At times you just don't have enough information in one picture. Canadian photographer / painter Jonathan Dy must have thought so as he found out new ways to incorporate information into his photographs in form of multi-flash and reflection pictures. Of course, both techniques aren't new but the way Jonathan has perfected them is impressive, to say the least!
Jonathan: I was born in Windsor, ON where I went to school for painting. In 2005 I moved to Vancouver, BC and taught myself how to use a camera.
The 'eye on the ground' series was my first photographic obsession in 2008. The process taught me how to use a digital camera as if it were film by not doing any post-manipulation. Instead quality was heavily dependent on weather - the freshness of the water, wind, amount of sun/cloud, and time of day all played a hand in color and clarity.
About a year later I transitioned from chasing puddles made by rain to constructing D.I.Y. reflections out of plastic, water, and food coloring. And making puddles in actual paintings is the most recent addition to my batch of manual/portable techniques.
At the end of 2010 attention shifted from day to night when I attempted to capture a friend having a conversation with herself. I wanted to see the internal dialogue that people have when making decisions or reflecting.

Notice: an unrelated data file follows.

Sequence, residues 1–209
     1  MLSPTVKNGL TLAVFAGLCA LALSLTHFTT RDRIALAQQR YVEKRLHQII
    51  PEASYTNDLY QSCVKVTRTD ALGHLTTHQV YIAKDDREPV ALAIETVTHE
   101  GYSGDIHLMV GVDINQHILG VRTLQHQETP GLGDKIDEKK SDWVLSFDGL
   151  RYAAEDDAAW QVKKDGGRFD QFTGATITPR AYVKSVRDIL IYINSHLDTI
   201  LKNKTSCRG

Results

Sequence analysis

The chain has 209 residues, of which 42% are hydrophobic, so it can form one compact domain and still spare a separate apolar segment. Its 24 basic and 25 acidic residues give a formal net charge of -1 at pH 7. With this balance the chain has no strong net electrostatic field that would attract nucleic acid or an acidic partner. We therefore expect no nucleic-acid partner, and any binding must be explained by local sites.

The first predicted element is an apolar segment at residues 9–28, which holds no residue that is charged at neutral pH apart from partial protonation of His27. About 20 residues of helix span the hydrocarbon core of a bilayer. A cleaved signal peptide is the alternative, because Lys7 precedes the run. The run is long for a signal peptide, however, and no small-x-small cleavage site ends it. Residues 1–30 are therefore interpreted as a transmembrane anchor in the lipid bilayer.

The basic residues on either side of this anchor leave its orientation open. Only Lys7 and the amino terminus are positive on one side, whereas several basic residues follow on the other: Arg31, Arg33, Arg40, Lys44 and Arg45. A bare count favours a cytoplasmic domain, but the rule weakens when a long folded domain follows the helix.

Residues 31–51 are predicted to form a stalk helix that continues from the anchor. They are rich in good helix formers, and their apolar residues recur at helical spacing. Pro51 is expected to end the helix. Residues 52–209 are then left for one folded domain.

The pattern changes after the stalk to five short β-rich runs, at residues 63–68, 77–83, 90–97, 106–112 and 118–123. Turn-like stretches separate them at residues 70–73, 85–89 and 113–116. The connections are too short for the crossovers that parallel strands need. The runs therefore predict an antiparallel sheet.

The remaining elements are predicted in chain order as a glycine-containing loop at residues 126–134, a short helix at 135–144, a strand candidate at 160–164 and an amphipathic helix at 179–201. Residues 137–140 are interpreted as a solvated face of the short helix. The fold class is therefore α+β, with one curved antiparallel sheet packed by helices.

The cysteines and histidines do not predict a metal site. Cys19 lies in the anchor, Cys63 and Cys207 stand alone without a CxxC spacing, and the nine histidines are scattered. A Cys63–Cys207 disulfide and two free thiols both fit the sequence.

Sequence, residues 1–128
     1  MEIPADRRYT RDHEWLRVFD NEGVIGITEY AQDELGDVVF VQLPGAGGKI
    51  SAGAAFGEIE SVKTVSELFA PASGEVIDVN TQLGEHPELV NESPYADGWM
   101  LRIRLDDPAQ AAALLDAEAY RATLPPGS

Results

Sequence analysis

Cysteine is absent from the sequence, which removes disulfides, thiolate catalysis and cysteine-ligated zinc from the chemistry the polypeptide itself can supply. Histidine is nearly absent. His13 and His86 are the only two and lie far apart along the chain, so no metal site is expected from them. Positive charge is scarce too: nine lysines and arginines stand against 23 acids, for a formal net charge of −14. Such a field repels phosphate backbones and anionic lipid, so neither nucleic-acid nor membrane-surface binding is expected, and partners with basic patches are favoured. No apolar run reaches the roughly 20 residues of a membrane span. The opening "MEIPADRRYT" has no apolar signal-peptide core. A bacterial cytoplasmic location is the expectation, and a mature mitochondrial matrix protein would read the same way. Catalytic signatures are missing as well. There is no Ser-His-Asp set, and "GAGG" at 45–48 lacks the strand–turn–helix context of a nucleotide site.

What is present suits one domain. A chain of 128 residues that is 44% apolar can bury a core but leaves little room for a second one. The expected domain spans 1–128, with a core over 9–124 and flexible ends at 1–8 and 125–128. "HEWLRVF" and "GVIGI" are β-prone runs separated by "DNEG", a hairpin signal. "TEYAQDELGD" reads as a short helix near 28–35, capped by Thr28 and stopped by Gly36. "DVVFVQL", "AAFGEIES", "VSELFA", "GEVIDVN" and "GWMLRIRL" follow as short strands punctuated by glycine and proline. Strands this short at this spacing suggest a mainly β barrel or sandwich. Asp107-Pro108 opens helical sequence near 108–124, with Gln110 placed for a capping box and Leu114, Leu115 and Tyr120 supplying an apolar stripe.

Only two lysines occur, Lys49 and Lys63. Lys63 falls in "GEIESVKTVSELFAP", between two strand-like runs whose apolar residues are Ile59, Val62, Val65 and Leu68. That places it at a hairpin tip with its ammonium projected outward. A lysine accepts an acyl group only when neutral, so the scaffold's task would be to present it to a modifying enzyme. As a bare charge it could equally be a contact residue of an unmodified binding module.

Unfortunately, my digital camera lacks the ability to take multiple exposures, so the next best option was to shoot in the dark and bring the subject out with several flashes while changing positions.
This series has given me the opportunity to work with some of my favorite musicians, and fellow artists in Vancouver. Performers with a strong sense of space were among the easiest and most enjoyable to work with. An exceptional case was a six piece Vancouver band, "Brasstronaut" eating each others heads at my dinner table - we got it in under one minute and two tries.
Over a year into this series and it still feels like I'm just getting started.. There's a story from almost every shoot - and the portraits themselves turned into narratives.
Although my aim with the shots in the dark and reflections is to do as much as possible in-camera - I'm also drawn to the absence of color and have been using photoshop to turn photos black and white.